Samuels, meanwhile, told MinnPost that he thought the people of the district were more centrist-oriented.

“And it’s very hard to beat an incumbent,” Samuels added.

5th Congressional District DFL primary results
Note: Results as of 10:50 p.m. on Aug. 9.
Source: Minnesota Secretary of State

In his concession speech, Samuels said, “the fact that we could be 2.5 points behind an incumbent in the United States Congress says that if the playing field were even; if this were not an incumbent challenger situation, we would win this race.”

He also told his supporters, “My only hope is that my opponent will have learned a lesson from this,” and would now give Omar “all the support we can.”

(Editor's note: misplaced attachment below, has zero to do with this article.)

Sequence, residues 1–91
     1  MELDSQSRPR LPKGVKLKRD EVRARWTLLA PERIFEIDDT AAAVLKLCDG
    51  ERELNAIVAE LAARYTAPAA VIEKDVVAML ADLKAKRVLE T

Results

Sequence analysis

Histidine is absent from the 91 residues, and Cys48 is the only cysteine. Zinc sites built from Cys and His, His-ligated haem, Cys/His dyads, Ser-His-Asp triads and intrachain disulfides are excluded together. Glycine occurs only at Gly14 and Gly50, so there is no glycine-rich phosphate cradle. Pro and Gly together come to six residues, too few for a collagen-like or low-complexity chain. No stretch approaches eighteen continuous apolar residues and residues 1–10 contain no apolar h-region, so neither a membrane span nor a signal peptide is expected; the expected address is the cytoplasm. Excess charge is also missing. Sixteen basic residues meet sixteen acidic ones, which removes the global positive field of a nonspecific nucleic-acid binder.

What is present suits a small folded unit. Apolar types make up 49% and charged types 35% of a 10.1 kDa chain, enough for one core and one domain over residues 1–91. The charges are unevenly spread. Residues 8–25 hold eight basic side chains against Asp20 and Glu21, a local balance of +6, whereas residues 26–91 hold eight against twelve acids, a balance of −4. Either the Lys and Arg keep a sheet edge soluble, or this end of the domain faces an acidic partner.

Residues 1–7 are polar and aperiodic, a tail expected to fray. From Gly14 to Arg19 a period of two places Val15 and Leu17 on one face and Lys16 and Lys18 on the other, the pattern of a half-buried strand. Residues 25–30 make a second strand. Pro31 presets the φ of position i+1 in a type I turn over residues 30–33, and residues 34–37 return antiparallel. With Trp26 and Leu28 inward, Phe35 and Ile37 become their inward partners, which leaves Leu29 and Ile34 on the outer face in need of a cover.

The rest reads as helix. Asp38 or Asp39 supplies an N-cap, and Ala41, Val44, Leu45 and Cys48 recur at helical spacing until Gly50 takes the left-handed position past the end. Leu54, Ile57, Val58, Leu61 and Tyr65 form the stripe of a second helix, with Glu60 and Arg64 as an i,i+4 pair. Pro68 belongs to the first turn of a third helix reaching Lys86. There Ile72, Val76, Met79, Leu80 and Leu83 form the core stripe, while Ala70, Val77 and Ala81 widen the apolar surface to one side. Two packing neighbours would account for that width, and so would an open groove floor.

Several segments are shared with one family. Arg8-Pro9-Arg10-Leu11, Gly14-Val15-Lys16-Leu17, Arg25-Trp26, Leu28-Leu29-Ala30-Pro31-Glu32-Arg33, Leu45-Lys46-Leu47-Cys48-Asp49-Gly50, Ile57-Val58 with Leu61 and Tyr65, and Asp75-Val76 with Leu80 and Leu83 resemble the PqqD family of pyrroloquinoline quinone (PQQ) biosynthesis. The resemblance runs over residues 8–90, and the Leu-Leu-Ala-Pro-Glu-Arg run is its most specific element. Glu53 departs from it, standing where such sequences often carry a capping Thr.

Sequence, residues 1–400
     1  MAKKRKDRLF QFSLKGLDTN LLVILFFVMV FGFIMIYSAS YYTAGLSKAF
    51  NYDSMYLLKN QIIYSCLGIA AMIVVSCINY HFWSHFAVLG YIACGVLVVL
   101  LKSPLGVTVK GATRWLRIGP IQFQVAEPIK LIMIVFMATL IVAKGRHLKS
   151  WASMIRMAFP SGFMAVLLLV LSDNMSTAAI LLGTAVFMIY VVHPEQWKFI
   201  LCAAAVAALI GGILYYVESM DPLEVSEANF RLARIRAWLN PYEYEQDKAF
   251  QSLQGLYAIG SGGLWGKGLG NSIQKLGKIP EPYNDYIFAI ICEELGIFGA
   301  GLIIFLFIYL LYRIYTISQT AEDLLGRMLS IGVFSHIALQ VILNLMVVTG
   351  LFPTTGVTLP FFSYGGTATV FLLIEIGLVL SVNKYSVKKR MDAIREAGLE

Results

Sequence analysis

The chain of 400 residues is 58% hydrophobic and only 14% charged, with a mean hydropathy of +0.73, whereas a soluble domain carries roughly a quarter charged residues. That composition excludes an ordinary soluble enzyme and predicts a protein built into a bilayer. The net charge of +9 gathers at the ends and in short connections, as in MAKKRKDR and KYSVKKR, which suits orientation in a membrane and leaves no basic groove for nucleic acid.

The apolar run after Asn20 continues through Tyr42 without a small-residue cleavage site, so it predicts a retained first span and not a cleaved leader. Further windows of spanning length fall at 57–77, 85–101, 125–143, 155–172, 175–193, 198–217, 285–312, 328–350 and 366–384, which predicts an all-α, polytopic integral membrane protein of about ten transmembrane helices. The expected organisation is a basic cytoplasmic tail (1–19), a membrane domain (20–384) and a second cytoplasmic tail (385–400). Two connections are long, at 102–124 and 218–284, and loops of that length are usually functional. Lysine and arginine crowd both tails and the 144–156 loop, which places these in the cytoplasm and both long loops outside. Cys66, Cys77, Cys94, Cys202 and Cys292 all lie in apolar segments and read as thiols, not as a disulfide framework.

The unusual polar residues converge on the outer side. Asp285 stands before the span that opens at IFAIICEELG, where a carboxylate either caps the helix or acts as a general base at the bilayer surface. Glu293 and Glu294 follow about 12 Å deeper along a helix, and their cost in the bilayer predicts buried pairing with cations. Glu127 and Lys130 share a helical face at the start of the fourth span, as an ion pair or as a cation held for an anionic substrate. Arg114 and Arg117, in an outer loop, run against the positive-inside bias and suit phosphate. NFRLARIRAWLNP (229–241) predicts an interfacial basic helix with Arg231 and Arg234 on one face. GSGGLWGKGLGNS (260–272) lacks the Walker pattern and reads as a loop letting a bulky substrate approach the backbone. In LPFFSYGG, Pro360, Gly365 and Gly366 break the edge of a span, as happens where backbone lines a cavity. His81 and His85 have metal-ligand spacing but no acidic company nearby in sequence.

“We’re not going to sabotage,” he said.

In his concession speech, Don Samuels told his supporters, "My only hope is that my opponent will have learned a lesson from this."
MinnPost photo by Bill Kelley
In his concession speech, Don Samuels told his supporters, "My only hope is that my opponent will have learned a lesson from this."
 Samuels was an adept fundraiser who received last-minute help from a political action committee called Make a Difference MN05 that, according to reports filed with the Federal Communications Commission, spent more than $430,000 worth of advertising air time in the last two weeks of the race promoting Samuels as the best candidate for Democratic voters in the Minneapolis and north metro district.

Vance Opperman, the CEO and president of a private investment company and one of the founders of the Make a Difference MN05 PAC, said the last-minute effort to boost Samuels was a reaction by some loyal DFLers to positions Omar had taken on several issues.